Terrace hockey forward Mason Richey ranks with the top-ten players in B.C.’s Major Midget League this year, and is gearing up for a massive televised Canadian championship this spring.
Called the Telus Cup, the championship will ice the best five Canadian midget teams, whittled down province by province and facing off for the national title as the best team in Canada.
At age 16, Mason competes with the Cariboo Cougars in Prince George, which has claimed an impressive 27 victories in the season so far, as well as one tie and two losses. The Cougars are in first place with 55 points in what is the most competitive midget league in the province, trailed by the Vancouver NE Chiefs who have 51 points.
“We’ve been pretty dominant,” Mason said of the Cougars this season, noting that the team’s been together for two seasons now, and has an older roster than many others. He says the team started to get excited after winning so many games, and the team keeps pushing to improve as the momentum grows.
“I think, once we started to win a lot of games, it was like, ‘wow, we could actually do something pretty special,’ especially with the national championship coming,” Mason said. “When you’re doing that well, you just want to keep getting better… We kind of built momentum,” he said.
Richey says his personal highlight with the Cougars was facing Vancouver Northwest Giants in the league’s semi-final in Prince George last season.
The teams were tied after a hot battle, and the semi-final game was down to overtime.
Playing right wing, Mason was contending with the opposing defence behind the net.
He managed to claim possession and fired a quick pass to a team mate in the box, who buried the puck top corner to win the game for the Cougars. It was an exhilarating assist, even after the team lost in finals, taking second overall that season, 2015-2016.
His second highlight with Cougars was scoring his first hat trick mid-December last year, 2016, and the best part was that his gramma Marilyn Richey was there.
“That was her first time [watching me] in Prince George. That was kind of a special moment for her,” he shared. Mason’s parents Doug and Roylene Richey were also there, and it was “pretty cool to have that in front of everyone,” he said.
The Cougars have played 20 Prince George games and 20 in the Lower Mainland, and have eight more face offs left before playoffs.
Everything is driving towards the big national championship, hosted in Prince George April 24-30.
Mason says the Telus Cup is the reason he moved to Prince George two years ago, at age 15, and he’s excited for the shot of his life.
“I’m pretty excited… to get an opportunity like this is pretty amazing,” he said, adding that it’s crazy to think he will be aired on TSN’s Sportscentre channel.“Those are huge channels that you see professionals on and it’s kind of like, ‘wow, I’m going to be on that,’” he said humbly.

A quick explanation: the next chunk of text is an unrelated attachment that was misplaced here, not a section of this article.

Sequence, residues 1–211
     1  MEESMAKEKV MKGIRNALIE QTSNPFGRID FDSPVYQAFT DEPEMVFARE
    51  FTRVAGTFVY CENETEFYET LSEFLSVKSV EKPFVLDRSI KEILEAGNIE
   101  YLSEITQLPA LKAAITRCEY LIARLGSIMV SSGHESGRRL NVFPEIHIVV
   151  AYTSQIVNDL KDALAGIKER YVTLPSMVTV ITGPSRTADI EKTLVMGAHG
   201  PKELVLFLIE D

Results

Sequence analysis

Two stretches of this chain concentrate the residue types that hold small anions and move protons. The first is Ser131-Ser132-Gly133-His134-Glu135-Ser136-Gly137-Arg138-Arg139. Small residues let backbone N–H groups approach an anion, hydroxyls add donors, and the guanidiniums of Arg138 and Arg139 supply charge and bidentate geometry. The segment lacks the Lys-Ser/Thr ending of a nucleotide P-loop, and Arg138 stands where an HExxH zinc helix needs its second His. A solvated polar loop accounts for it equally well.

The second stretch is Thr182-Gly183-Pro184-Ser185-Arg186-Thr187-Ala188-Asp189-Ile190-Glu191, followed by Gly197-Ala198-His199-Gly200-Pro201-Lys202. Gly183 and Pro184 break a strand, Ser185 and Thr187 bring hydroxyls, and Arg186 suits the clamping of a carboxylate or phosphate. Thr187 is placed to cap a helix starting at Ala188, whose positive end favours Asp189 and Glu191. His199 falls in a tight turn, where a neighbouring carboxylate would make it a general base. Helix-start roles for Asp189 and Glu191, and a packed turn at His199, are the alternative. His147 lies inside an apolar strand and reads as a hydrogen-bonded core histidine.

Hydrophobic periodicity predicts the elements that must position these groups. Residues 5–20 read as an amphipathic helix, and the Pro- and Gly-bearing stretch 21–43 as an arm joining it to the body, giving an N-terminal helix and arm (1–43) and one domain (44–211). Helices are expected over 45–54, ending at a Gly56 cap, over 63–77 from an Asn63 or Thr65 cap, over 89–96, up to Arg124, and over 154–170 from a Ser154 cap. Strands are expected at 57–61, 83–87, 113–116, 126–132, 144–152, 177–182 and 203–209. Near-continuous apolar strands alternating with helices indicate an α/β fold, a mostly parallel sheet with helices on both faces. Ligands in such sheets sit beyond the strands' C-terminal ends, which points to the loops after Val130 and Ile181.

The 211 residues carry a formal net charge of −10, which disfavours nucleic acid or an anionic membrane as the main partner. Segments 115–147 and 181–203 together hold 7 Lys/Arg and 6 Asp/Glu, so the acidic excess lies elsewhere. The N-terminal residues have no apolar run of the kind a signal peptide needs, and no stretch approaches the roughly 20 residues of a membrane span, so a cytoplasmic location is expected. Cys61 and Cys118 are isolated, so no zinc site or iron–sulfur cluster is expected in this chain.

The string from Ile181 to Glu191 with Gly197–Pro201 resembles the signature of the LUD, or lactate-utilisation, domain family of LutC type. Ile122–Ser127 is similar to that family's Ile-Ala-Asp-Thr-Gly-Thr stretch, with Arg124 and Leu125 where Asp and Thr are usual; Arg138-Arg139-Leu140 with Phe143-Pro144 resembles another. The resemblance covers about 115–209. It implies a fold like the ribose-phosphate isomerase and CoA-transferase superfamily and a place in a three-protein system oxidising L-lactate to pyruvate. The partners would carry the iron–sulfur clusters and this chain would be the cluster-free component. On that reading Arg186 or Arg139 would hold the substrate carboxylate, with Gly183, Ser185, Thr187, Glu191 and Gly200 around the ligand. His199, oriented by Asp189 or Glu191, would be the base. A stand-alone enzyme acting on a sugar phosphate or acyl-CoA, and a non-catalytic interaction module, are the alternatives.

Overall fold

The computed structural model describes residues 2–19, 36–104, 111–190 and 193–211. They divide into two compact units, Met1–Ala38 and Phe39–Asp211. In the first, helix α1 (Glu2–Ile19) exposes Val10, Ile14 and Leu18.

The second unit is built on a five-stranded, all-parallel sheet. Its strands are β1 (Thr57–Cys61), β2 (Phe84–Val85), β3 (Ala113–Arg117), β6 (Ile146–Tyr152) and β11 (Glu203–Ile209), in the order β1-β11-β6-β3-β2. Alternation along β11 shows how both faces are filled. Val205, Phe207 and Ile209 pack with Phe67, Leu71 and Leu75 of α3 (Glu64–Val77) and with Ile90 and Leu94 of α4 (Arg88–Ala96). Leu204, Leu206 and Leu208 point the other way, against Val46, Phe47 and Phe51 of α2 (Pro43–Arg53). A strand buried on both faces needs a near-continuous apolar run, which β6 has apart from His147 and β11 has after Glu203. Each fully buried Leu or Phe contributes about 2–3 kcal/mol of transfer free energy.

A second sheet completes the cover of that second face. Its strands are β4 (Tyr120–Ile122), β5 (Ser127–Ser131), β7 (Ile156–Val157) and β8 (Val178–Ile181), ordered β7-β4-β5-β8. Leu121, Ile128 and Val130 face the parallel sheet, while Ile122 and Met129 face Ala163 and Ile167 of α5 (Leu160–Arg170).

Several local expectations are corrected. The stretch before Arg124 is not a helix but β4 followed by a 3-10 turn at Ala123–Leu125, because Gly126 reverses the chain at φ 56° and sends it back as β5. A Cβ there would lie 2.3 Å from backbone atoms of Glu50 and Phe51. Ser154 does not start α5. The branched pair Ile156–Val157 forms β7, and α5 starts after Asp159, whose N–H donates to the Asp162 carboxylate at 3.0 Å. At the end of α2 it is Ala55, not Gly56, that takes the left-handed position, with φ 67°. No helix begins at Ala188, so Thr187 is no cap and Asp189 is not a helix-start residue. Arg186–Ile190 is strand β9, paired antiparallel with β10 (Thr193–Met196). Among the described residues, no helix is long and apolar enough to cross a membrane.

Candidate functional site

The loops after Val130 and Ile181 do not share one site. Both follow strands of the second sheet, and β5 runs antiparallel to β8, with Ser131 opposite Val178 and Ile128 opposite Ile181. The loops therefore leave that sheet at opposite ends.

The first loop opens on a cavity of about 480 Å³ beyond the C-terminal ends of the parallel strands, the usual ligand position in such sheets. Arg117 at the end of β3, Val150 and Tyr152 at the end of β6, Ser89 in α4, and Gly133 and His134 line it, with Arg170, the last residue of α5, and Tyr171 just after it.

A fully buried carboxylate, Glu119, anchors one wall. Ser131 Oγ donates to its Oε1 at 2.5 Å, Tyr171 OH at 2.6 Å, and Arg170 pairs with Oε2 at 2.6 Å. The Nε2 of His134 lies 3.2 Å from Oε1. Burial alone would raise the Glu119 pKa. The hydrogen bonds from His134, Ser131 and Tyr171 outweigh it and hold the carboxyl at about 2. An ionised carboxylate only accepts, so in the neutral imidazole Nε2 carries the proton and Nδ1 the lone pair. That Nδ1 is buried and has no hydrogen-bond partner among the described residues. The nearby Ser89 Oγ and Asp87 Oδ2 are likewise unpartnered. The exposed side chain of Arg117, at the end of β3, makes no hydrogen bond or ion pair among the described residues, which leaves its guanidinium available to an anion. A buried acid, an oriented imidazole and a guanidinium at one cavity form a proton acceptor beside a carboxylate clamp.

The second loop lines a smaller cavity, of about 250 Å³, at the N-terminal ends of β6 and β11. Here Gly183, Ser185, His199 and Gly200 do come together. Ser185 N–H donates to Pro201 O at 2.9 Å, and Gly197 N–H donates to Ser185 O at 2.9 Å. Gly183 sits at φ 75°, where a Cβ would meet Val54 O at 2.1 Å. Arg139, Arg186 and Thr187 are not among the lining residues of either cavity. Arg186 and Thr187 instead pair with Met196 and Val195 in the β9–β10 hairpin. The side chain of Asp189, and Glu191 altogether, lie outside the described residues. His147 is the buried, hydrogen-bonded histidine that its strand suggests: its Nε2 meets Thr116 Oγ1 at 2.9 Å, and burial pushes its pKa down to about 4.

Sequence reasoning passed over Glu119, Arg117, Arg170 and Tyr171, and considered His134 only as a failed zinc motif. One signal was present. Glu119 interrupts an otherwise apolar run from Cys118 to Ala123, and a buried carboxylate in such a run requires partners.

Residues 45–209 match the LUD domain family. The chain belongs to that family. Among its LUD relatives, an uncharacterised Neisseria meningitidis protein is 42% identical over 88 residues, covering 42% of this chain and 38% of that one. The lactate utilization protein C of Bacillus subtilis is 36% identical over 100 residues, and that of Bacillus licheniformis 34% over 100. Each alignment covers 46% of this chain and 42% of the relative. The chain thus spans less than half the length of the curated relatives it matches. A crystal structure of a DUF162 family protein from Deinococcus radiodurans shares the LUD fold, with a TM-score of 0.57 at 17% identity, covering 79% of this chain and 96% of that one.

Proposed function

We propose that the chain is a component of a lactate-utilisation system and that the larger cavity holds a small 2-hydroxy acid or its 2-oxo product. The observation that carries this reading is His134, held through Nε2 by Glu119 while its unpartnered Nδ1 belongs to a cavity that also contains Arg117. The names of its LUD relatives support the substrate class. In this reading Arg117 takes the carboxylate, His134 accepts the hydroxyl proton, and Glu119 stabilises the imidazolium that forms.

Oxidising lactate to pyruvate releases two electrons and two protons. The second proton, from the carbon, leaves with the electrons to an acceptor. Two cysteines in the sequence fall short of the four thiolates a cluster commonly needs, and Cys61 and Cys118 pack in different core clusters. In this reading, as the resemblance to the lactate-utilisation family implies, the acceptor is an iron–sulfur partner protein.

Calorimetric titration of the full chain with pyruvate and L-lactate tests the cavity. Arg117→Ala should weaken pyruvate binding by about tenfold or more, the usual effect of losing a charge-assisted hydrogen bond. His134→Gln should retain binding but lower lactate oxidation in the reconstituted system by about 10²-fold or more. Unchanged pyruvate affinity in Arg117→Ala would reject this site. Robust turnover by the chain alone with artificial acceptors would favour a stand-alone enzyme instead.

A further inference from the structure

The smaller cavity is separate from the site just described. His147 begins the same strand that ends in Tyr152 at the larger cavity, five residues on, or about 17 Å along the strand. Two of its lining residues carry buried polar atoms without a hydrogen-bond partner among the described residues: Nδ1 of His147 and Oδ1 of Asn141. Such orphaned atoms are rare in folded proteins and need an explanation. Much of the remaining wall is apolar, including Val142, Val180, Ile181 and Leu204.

Looking at Mason’s impressive season record, it’s clear he’ll make a lot more than just a casual appearance on the ice.
He currently ranks eighth place among the players in the Major Midget League, with 43 points – 24 goals and 19 assists. The top player in the province is Scott Atkinson from Vancouver, with 58 points, 35 goals and 23 assists.
Cougars head coach Trevor Sprague says Mason is a great kid and a solid hockey player.
“He’s a great 200-foot player who plays both ends of the ice very well,” said Sprague. “He’s got the skills of a good power forward who can contribute every night — and he has that expectation of himself — but at the same time he knows how to play the defensive part of the game.”
Along with skill, Sprague says Mason also possesses sharp hockey smarts, reading the ice well and is dynamic when moving the puck.
But the young forward stands out for far more than hockey skill.
“He’s an unbelievable young man,” said Sprague. “Mason is a gentleman that represents his family, his minor hockey association, and Terrace very well.”
He gets along well with fellow players in the dressing room, is consistent and driven to improve and responsible, Sprague added.
“He’s a pretty special player and a special person… his parents did something right,” Sprague laughed, adding that if Mason plays with the Cougars next year, he’ll be team captain.
Looking forward, Sprague says Mason will be a valuable asset to the Cougars come nationals.
“He’s the guy that you want on your team when you’re trying to win championships because of what he brings to the ice,” Sprague said. “He’s going to have a very successful major midget career… a great hockey career… he’ll play junior A, no doubt.”
Mason’s dad Doug Richey says he’s very proud of his son.
“It’s not easy to let your 15 year old son move six hours down the road,” Richey said, noting that it was great Mason had relatives he knew well to stay with.
But he’s proud of how Mason handles the pressure and manages his time well.
“It’s a big commitment, between workouts and practices… living away from home… he does well in school and he’s been on the honour roll since he’s been there,” Richey said. “I’m pretty proud that he can handle all that on his plate.”
Mason also works hard to improve and spends time to mentor younger kids in Terrace when he comes back, which Richey says makes him double-proud.
“He watches the Peewees play… and practices with them on days off.. he’s a good role model for the local kids,” he said.
Now age 16 and looking ahead, Mason says his goal is to play in the BC Hockey League and then university hockey.
“My final goal would be playing university hockey somewhere — still get an education, but still play at a high level,” he said.
He’s interested in physiotherapy or chiropractic work, but isn’t sure yet what he’ll study.
“It’s interesting… seeing how the human body works.”